Our armed forces have anti-drone jammers, which can neutralize drones if they come within a certain radius. They can even be neutralized from 200 metres away. Also, DRDO (Defence Research and Development Organization) has developed an anti-drone device that can intercept a micro drone 3 kilometres away. Our forces are also equipped with a high-powered electromagnetic system, which can jam a drone flying at a certain height. But this system cannot be used near airports or air bases, because the electro-magnetic pulse system can disturb flight movements and jam air traffic control.

Can our armed forces stop a huge swarm of drones if they descend into our territory like locusts? We have hobby drones that can be equipped with a grenade- or small IED carriers. Drones can be used for launching bombs or missiles too. Some drones have stealth features that can outwit a radar. Israel has already developed a Command Center to neutralize drone and missile attacks. A few weeks ago, the world noticed how the Israeli Iron Dome system neutralized missiles launched by Palestine militants in the air. Israel has already developed drones that can carry out pinpoint attacks. Reaper drones and Predator drones had been used for years by the US armed forces in Afghanistan and Pakistan to liquidate terrorists and their camps. There are reports that the Indian Navy could acquire 30 such Predator drones for surveillance overseas.

During last year’s war, Azerbaijan used drones to attack targets inside Armenia. India has to face two enemies, China and Pakistan, on its border and needs to equip its armed forces with state-of-the-art technology to counter-drone attacks. Enemy drones can be neutralized both by jammer or by using laser beams. The Chinese commercial drones that are available openly in the market, can carry up to 10 kg explosive. The anti-drone system, that was deployed during last year’s Independence Day and Republic Day events, has a range of two to three kilometres. It has radar capability to pick up the drone through radar and then target it by using laser beams.

It is now an open secret that whenever India starts peace initiatives in the Kashmir valley, terror groups and their Pakistani masterminds sitting across the border, become active and carry out indiscriminate attacks to foil the peace bid. In the valley, the situation is now peaceful, terrorists have been completely sidelined, mainstream political parties are gearing up for elections and there has been a lot of developmental projects during the last two years. State and non-state actors sitting inside Pakistan are now desperate to create violence and mayhem in the state.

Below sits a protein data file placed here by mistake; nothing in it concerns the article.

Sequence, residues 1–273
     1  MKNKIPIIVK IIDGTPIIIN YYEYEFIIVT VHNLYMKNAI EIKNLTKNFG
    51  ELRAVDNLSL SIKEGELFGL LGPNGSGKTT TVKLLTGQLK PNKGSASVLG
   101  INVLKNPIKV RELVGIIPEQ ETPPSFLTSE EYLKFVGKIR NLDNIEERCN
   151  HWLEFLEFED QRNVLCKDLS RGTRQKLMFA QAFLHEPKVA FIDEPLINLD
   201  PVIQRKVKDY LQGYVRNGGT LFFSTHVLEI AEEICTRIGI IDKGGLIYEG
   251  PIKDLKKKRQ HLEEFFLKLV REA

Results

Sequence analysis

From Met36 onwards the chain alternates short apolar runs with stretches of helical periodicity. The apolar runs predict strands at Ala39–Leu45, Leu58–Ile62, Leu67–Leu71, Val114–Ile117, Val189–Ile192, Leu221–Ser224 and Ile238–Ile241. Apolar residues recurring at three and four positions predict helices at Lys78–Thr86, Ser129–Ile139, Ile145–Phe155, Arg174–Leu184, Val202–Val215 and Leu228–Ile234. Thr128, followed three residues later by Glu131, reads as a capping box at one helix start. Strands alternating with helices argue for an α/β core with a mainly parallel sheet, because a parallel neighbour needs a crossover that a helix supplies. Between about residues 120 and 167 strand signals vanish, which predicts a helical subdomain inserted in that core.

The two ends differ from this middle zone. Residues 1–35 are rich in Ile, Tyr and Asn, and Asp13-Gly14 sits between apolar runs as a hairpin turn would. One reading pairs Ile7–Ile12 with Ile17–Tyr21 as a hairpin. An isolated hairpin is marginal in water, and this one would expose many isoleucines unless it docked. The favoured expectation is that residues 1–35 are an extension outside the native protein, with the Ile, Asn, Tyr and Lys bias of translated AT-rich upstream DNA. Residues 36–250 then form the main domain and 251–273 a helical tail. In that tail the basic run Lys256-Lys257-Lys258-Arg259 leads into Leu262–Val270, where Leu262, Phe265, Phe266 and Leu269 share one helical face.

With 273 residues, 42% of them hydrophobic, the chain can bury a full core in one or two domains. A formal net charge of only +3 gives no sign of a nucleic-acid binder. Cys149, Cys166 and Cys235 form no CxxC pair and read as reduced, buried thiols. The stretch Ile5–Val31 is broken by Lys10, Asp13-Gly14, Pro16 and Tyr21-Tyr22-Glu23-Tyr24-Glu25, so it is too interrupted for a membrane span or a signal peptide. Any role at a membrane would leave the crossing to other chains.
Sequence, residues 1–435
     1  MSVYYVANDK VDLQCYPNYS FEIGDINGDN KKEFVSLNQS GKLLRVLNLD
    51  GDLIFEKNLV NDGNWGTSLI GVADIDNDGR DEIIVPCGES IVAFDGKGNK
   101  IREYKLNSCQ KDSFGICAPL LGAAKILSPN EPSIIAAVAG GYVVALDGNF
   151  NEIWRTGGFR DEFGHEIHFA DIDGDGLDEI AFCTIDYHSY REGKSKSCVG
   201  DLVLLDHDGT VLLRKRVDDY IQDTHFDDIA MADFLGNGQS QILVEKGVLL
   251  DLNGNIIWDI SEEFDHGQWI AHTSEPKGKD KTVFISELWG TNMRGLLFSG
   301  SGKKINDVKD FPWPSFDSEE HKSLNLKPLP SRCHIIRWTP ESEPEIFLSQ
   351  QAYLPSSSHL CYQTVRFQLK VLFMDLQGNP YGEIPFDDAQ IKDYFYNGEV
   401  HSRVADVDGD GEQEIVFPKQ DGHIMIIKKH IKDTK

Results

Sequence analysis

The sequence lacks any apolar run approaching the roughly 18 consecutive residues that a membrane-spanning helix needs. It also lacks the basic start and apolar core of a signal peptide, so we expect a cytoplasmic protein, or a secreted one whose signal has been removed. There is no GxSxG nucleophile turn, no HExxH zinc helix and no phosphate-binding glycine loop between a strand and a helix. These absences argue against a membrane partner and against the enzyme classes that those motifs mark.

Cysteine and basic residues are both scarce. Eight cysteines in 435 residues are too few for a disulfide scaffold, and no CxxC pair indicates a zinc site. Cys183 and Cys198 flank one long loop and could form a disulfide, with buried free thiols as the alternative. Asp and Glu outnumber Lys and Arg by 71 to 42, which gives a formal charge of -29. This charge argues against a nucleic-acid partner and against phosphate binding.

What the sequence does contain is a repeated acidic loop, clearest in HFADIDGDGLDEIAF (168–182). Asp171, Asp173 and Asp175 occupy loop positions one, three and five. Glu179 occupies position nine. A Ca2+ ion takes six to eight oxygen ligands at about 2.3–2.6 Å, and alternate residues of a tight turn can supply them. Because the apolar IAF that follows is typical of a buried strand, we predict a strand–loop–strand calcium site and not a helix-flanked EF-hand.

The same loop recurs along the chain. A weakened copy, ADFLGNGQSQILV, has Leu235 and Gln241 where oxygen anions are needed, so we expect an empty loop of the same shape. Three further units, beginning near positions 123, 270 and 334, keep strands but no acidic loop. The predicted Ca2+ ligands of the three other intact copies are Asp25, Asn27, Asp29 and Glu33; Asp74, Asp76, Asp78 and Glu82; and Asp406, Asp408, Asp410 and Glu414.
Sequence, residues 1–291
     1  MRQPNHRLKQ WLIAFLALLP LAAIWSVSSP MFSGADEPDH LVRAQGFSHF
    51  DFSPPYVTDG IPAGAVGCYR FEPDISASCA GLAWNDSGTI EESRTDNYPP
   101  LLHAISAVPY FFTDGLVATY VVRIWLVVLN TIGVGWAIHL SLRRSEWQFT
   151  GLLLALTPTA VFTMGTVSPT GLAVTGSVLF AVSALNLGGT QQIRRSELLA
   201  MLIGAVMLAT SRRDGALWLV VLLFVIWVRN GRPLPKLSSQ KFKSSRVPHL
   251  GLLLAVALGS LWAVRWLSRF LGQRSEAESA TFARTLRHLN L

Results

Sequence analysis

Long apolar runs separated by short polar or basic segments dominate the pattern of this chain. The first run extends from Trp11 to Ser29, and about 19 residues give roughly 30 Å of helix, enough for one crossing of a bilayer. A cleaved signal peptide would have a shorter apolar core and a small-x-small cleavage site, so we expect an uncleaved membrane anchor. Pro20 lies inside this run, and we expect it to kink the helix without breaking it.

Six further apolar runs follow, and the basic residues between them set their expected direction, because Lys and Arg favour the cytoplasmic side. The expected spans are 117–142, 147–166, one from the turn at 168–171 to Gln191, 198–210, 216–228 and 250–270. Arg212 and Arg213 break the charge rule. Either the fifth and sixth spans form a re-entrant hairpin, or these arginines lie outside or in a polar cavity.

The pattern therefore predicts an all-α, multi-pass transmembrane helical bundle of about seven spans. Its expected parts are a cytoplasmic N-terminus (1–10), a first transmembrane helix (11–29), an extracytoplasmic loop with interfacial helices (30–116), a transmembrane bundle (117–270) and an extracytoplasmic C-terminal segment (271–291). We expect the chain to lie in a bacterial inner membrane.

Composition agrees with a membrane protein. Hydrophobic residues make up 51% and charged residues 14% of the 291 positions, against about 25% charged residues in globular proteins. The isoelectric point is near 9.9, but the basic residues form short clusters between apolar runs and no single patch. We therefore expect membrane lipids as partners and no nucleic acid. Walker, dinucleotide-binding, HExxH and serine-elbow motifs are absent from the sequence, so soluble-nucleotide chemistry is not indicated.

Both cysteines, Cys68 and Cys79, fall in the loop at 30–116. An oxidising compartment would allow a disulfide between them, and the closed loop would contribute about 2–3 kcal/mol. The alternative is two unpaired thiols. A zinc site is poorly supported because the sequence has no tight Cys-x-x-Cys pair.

The traditional response over the past three decades has been to infiltrate more terrorists from Pakistan, but now the strategy appears to have changed. The political masters of terrorists want to carry out attacks by using drones. Since 2019, they had been using drones for transporting weapons in Kashmir and drugs in Punjab, but this was on a small scale. This is the first time that drones were used against our military installations.

I have full confidence in our strategists working in our armed forces. Already Israel has made much progress in the use of a computerized control system for countering drone warfare. They have also developed advanced radars to locate unmanned aerial vehicles, including drones. Our military commanders need to assure the people that our armed forces are fully capable of countering drone attacks from across the border, with speed and accuracy. To nip such sinister conspiracies in the bud requires a major counteraction to teach a lesson to the handlers of terror groups sitting inside Pakistan.